These days, I am actively trying to cultivate self-confidence during a stretch of life in which my self-confidence is waning. (From what my 40+ female friends tell me, I’m not alone.) That said, from time to time, the confidence of the Self benefits from the love and appreciation of the outside world.
An unexpected email last night from my editor at District Lit led to a huge boost in productivity and output. I woke up to an urge to clean the fridge, sweep the floors, then work on a essay chapbook I’m hoping to submit next month.
After that, I dug up an old, short flash CNF piece I never quite perfected, edited it and submitted it.
What’s gotten into me? For sure, a healthy dose of acknowledgement, which isn’t so bad, really, as long as it’s not the only drug you’re into.
Head on over to District Lit to see which two pieces were nominated. While you’re there, please check out the work of the other nominees, too, in poetry and fiction.
The winner will only be announced at the end of the summer, but for now I’m pretty excited to join the high-caliber writers of nonfiction on the list of finalists for the Autumn House Press 2016 full-length book contest.
I’m giddy with excitement to let you know my first feature column went up on District Lit yesterday. “My Time, Your Place” is an ongoing exploration of the boundaries between reality and dream, time and timelessness, place and wandering. (The title is borrowed in part from the Yehuda Amichai poem, “In My Time, In Your Place.”)
I hope you check it out from time to time, and share with your friends if the writing moves you to do so.
As a tribute to Amichai, whose poetry inspires me in so many ways, here is the poem the title references.
Deborah chose me and I’ll have to be honest — I was excited. In a tingly “you’ve been selected” sorta way. I felt it …well, I won’t tell you where, but it’s the same spot in my body and the same physical sensation I get whenever I’ve decided I’ve been designated special by someone.
Of course, this sensitivity to being chosen also makes me physically vulnerable to the dark side of egocentric arousal — for when someone decides I’m not special (or worse, unremarkable or overrated), the tingly sensation moves down to my lower digestive tract; I spend the next few hours in the bathroom, and … well you can imagine the rest.
Deborah dared me to reveal five random facts about myself. I use the word “dare” lightly because, let’s be honest, if I didn’t enjoy disclosing facts about myself, you and I wouldn’t be enjoying this writer/reader virtual pseudo-relationship. In fact, if I could just eliminate the urge to tell you stuff, I might be able to once and for all walk away from social media.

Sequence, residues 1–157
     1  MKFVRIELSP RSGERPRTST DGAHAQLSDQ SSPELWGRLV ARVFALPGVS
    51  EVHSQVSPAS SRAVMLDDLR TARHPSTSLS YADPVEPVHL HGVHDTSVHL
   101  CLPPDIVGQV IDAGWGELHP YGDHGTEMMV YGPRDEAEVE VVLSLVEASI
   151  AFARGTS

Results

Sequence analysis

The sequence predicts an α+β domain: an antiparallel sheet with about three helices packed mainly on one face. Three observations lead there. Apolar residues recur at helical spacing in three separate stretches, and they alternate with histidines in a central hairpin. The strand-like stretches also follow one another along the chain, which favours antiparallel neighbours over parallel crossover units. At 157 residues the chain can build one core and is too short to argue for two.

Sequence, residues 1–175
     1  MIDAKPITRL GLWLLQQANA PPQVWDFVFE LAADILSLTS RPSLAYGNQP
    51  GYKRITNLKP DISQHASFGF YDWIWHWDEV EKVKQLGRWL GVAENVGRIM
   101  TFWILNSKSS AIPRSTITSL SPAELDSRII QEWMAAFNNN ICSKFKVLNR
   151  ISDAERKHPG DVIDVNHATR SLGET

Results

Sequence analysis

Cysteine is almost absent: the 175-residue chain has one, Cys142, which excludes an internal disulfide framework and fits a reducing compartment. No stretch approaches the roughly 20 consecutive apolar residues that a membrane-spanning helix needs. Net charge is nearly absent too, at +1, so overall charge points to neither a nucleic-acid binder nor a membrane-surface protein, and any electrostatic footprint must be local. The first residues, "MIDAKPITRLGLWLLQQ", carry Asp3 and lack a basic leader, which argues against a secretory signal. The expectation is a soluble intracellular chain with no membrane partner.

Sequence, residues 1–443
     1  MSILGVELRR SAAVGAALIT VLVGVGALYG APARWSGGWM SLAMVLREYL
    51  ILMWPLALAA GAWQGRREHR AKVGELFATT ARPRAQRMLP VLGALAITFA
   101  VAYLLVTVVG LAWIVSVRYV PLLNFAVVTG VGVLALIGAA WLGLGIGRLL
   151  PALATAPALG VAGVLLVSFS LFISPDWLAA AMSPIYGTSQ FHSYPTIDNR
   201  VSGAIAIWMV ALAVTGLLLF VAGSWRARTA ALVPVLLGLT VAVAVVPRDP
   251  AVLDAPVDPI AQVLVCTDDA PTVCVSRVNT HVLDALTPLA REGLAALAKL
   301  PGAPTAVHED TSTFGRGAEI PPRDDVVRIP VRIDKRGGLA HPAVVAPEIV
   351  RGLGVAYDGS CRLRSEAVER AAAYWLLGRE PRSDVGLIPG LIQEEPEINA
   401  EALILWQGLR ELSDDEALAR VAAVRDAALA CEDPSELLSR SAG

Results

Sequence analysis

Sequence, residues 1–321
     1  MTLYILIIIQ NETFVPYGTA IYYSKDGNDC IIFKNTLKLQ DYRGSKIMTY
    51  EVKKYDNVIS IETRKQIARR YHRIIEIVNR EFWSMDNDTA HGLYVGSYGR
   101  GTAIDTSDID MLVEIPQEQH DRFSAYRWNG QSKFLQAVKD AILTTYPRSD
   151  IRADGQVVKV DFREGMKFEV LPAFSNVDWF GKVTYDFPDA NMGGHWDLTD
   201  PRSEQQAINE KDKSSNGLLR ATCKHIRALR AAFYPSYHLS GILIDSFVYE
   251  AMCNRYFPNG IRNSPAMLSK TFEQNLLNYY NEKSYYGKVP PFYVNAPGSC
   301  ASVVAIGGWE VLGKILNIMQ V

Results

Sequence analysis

I could be happy.
But then, I wouldn’t be a writer.
Which leads me to Random Fact #1.
Everyday anxiety is an “organizing principle” in my life. In other words, it has made me who I am today and continues to make me who I am no matter how much yoga I practice, no matter which books I read, how much air I breathe, no matter how slowly or deeply. Anxiety is an essential element of me.
I did not realize there was a name for this condition until I read a passage yesterday about Joan Didion written by Vivian Gornick in her book on writing called The Situation and the Story:
For Joan Didion, ordinary, everyday anxiety is an organizing principle. Out of it she has created a depressed, quivering persona that serves her talent wonderfully … in [her] essays, where a subject beyond the self must be intersected with—migraine headache, the Black Panthers, California and the American Dream—Didion’s gorgeous nerves are brought under brilliant control. It is here, in this form, that her existential nervousness is developed with such artistry that insight transforms, and literature is made through the naked use of the writer’s emotional disability.
Don’t mistake my admission of Random Fact #1 as me comparing myself to successful memoirist and essayist Joan Didion. As if! But out of this I understand that my acid reflux and my artistry, my migraines and my imagination, like Didion’s, go hand and hand. And that I am far, far from alone.
Which leads me to …
Random Fact #2
One of my most notable appearances in the media was in the Associated Press when I was quoted as being a sufferer of irritable bowel syndrome. Equally classy, I was quoted in the Chicago Tribune as not only suffering from IBS, but also allergies and anxiety. At the time, those interviews seemed like a good idea for the personal brand I was building (as a wellness expert and writer). Now, I’m not so sure.
Random Fact #3
My bowel, ever irritable, offered me the distinct honor of pooping in the Executive Office building of the White House where I volunteered every Wednesday morning between the hours of 4 am and 9 am for the Clinton administration’s Communications Office one semester in 1994. Also in the Embassy of Israel where I interned for a semester. And in the Starbucks on K Street.